The Ambassador in China ( Stuart ) to the Secretary of State
[Received November 18—3:55 a.m.]
1898. British Ambassador35 called to inform me that he had received instructions from London Foreign Office regarding China policy of his Government which he indicated consisted of three points, the second and third being concerned respectively with British commercial and capital interests. The first was to the effect that British Government proposed to keep in step with China policy of US so far as this consisted in giving moral support to National Government of China and of encouraging in every possible way development of a strong and stable government on a broadly democratic basis. As to ways and means for carrying this out, Ambassador suggested that I consult with General Marshall and added that his Government hesitated to intervene for fear of complications with Russia. He said, however, that he would be ready to speak with President Chiang, Communist Party leaders and others whenever it was felt that this would be helpful. He added that Department had been similarly informed through British Embassy in Washington.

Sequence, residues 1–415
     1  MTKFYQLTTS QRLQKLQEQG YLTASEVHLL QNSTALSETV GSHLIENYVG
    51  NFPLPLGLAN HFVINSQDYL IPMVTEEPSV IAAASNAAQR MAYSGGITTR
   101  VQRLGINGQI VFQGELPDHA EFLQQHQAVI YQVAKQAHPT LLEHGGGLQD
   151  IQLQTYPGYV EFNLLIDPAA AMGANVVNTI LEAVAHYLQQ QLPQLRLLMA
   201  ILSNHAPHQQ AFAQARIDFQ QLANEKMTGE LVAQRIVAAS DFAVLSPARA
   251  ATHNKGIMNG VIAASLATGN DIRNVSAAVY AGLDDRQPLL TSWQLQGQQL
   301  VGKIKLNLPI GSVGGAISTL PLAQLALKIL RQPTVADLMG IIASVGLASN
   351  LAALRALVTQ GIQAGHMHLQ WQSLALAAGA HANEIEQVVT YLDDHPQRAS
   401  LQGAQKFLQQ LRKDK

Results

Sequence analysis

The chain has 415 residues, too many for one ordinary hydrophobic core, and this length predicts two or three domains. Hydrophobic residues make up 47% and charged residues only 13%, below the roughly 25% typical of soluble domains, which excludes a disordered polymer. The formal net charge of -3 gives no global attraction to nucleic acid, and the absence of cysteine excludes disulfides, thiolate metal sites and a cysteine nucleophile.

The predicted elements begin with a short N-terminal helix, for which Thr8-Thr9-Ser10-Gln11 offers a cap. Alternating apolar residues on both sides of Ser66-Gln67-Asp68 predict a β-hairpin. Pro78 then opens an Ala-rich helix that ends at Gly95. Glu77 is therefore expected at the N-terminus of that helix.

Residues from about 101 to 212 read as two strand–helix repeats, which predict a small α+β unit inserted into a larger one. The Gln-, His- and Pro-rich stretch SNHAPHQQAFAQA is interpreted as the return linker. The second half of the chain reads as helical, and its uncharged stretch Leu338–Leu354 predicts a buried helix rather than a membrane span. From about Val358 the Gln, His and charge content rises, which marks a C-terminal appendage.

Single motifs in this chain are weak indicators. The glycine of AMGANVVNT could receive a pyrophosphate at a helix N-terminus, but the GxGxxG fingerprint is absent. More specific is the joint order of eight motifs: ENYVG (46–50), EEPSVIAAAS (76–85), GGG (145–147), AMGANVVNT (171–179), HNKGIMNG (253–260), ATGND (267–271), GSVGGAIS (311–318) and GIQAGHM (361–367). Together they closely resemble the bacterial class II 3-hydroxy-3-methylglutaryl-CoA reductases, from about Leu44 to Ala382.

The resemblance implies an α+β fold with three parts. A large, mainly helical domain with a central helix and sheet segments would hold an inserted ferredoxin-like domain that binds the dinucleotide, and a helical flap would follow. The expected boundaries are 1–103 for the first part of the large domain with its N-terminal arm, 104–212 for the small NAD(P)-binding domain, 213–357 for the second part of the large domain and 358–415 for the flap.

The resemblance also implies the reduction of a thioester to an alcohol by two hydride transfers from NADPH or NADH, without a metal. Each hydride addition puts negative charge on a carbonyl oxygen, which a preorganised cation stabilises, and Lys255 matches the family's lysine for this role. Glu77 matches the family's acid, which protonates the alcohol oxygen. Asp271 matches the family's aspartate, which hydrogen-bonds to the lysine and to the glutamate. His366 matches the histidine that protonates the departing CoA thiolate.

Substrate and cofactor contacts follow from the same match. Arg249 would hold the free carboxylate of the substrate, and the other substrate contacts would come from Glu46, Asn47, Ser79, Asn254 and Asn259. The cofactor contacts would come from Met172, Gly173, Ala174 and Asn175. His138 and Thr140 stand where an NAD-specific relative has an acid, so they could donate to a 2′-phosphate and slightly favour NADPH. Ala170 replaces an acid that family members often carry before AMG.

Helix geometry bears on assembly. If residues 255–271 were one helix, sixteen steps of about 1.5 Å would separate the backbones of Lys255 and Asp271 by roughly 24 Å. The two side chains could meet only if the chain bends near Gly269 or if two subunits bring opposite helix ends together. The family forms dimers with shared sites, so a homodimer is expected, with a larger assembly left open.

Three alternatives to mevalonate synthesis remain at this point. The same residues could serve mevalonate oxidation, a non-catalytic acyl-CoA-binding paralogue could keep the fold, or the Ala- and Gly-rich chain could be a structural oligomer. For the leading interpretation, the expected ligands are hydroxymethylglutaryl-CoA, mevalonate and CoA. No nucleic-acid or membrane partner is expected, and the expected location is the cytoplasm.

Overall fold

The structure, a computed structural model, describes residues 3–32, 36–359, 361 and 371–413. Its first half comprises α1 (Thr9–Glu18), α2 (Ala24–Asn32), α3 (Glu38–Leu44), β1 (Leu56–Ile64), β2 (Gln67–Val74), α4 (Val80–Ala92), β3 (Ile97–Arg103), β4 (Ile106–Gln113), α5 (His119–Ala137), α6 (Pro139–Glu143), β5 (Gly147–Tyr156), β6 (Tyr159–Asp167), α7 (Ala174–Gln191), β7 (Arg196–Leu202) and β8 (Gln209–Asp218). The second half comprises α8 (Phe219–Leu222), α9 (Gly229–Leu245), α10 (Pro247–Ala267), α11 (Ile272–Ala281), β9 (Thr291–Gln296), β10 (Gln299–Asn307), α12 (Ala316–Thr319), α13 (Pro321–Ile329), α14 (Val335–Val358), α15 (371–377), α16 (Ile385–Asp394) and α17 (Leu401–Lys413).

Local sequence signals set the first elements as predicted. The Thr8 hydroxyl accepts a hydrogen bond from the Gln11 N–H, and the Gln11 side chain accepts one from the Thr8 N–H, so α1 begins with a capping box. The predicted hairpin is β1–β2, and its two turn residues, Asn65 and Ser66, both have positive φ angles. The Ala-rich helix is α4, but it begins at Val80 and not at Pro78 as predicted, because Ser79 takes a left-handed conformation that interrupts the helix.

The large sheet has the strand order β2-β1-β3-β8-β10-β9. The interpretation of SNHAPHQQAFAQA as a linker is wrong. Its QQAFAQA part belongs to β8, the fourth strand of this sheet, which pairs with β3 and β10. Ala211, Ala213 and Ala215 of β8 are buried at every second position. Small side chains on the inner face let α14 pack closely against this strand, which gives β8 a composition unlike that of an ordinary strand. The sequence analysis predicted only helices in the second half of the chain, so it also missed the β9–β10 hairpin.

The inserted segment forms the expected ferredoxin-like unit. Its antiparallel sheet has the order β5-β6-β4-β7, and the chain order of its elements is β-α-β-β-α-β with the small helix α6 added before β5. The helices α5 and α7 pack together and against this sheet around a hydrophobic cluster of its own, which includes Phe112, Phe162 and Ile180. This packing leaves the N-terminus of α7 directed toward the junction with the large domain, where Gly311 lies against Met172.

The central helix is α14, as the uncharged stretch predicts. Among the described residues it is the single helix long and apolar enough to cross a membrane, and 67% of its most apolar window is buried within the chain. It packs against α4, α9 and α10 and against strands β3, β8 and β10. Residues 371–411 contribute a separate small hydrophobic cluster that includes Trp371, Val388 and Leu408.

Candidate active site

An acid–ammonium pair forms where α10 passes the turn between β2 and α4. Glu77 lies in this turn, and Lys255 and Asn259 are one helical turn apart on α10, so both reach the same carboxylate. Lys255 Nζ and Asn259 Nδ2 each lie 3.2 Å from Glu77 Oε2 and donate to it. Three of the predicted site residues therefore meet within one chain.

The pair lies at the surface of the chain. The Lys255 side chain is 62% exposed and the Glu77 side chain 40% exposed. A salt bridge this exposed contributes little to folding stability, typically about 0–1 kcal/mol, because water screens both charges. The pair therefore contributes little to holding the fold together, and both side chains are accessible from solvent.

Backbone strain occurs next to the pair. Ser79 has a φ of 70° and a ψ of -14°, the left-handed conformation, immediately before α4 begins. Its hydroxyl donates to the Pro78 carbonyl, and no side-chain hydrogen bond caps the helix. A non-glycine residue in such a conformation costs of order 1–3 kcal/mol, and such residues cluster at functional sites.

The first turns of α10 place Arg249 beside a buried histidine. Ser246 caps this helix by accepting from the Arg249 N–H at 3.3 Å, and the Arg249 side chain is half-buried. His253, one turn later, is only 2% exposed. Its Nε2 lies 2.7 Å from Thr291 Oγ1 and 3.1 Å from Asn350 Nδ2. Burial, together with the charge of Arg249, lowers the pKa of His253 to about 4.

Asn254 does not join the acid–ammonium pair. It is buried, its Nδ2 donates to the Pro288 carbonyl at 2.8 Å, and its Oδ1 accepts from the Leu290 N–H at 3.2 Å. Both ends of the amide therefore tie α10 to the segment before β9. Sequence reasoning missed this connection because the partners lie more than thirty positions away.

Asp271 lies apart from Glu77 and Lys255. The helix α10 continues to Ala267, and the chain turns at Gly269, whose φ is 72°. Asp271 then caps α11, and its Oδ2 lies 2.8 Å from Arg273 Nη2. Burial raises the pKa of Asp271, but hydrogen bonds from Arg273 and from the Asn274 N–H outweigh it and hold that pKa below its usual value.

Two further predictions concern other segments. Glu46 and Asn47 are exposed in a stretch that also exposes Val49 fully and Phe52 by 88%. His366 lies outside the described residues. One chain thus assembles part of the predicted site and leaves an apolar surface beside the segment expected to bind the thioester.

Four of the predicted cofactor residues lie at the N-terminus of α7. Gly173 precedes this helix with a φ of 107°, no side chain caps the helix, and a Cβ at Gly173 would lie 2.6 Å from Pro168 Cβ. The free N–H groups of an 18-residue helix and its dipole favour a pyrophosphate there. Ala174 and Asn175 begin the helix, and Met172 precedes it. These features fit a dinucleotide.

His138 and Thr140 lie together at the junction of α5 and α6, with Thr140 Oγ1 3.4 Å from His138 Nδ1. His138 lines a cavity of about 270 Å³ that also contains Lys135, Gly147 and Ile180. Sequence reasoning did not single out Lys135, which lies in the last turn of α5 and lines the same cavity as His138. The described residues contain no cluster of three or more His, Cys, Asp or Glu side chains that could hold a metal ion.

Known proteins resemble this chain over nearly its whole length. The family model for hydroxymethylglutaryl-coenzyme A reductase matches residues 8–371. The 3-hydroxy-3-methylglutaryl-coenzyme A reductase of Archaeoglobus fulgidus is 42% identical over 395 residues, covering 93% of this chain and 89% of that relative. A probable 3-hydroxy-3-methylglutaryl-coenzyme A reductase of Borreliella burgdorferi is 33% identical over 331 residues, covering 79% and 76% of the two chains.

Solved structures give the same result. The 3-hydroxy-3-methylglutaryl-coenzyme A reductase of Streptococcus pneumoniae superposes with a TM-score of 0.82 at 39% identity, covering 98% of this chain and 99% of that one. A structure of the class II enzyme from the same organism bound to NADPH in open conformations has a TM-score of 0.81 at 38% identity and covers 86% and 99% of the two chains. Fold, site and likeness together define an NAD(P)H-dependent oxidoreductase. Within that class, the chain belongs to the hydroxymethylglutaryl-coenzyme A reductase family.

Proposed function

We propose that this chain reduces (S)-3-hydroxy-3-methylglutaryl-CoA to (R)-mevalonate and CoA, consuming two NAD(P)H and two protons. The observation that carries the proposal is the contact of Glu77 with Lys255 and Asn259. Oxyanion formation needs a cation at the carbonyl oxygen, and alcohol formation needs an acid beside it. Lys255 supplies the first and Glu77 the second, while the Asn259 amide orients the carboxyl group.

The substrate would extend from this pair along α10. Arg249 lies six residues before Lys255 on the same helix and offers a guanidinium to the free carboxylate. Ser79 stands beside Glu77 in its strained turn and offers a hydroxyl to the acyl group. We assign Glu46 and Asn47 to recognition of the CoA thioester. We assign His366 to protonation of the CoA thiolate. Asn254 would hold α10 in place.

I of course expressed my personal gratitude for this assurance of Anglo-American association in a policy for China. Since his arrival in Nanking, I have been keeping in constant touch with British Ambassador regarding Chinese political developments.
Incidentally, in discussing the Foreign Office instructions with a member of the Embassy staff, Sir Ralph Stevenson queried how the [Page 550] intention of British Government to avoid intervention in Chinese political affairs could be squared with its offer to have him cooperate with US in negotiating with the Communist Party delegation on domestic issues.
- Sir Ralph Stevenson.↩